• Considering all violent crimes, including those committed by spouses, a Canadian study shows 51% of women with disabilities had been victims of more than one violent crime during the preceding 12 months, compared to 36% of women without limitations.
  • Persons with mental or behavioural disabilities experience personal victimization at a rate four times that of the rate of people without disabilities.
  • In a study comparing the rates of sexual and physical assault among women with and without disabilities, it was women with disabilities were found to be four times more likely to have experienced a sexual assault than women without disabilities.
  • Why are disabled people vulnerable?
    • We are trained to be compliant to say yes (even to procedures that are invasive, unpleasant or painful) and to trust authorities and helpers.
    • Our perceptions are questioned and disregarded
    • We are exposed to many people behind closed doors
    • We are often socially isolated
    • Many people have access to our bodies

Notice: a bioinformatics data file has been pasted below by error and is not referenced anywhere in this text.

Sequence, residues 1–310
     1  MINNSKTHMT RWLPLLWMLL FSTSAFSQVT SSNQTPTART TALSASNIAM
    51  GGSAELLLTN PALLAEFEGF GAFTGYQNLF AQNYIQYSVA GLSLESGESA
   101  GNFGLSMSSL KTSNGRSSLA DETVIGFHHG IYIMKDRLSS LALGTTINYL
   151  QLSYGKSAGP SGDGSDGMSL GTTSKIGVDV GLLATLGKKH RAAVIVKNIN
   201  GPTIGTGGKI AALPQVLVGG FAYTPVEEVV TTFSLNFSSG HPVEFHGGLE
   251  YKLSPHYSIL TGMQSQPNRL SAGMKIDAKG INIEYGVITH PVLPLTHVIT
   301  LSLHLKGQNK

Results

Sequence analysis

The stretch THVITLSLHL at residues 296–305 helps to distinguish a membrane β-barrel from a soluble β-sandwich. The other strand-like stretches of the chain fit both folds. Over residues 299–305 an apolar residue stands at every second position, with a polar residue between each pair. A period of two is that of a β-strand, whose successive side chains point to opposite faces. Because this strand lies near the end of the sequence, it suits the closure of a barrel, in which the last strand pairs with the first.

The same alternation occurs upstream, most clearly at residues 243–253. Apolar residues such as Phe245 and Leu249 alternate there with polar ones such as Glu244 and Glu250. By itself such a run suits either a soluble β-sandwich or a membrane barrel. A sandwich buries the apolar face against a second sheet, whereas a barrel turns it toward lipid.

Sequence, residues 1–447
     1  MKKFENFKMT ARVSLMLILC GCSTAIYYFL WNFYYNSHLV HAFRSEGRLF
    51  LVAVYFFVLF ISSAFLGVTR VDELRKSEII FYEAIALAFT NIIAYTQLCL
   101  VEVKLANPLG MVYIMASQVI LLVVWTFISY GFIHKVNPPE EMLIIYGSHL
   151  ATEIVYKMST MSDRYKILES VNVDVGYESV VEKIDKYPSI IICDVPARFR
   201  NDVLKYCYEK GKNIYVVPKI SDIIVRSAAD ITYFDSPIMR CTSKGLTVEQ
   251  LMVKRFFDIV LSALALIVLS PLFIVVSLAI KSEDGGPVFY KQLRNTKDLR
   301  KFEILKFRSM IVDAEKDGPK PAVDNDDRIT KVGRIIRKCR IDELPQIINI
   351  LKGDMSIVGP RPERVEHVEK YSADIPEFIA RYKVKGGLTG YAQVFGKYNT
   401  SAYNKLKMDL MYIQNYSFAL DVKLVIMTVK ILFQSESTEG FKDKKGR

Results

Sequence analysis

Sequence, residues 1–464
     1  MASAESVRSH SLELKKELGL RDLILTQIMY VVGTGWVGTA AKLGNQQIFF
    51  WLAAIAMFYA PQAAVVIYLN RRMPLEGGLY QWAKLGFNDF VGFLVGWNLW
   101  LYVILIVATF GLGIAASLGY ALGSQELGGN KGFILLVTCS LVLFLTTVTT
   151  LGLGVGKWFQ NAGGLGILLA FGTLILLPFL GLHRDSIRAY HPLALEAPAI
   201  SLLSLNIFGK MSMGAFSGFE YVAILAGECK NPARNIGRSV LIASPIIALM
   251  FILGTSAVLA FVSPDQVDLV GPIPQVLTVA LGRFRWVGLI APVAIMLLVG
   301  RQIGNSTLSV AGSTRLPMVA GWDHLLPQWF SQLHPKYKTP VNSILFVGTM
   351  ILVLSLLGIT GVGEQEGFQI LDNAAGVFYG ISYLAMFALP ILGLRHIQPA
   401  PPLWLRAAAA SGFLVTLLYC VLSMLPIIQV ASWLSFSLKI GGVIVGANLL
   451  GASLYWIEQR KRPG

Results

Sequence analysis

• Sometimes we have a hard time understand or explaining what happened.
    • When abuse happens often, or we see other being abused, it seems “normal” to us.
    • We are devalued and we don’t have control of our lives, which leads to low self-esteem.

Kinds of abuse

  • Verbal/psychological
    • Name calling, insulting
    • Criticizing, blaming and badgering
    • Controlling, isolating.
    • Threatening violence or abandonment,
    • Shouting, physical intimidation and throwing things,
    • Hurting or killing pets,
    • Hiding medications, glasses, or removing a wheelchair
    • locking the person in a closet, a cage, or in- or outdoors.
    • Placing soiled cloths or diapers on or near the person’s face.
  • Financial exploitation
    • Denying a person access to their money
    • Stealing money or objects
    • Spending the person’s money on food or items the caregiver prefers.
    • Telling a person what s/he can or can’t do with her own money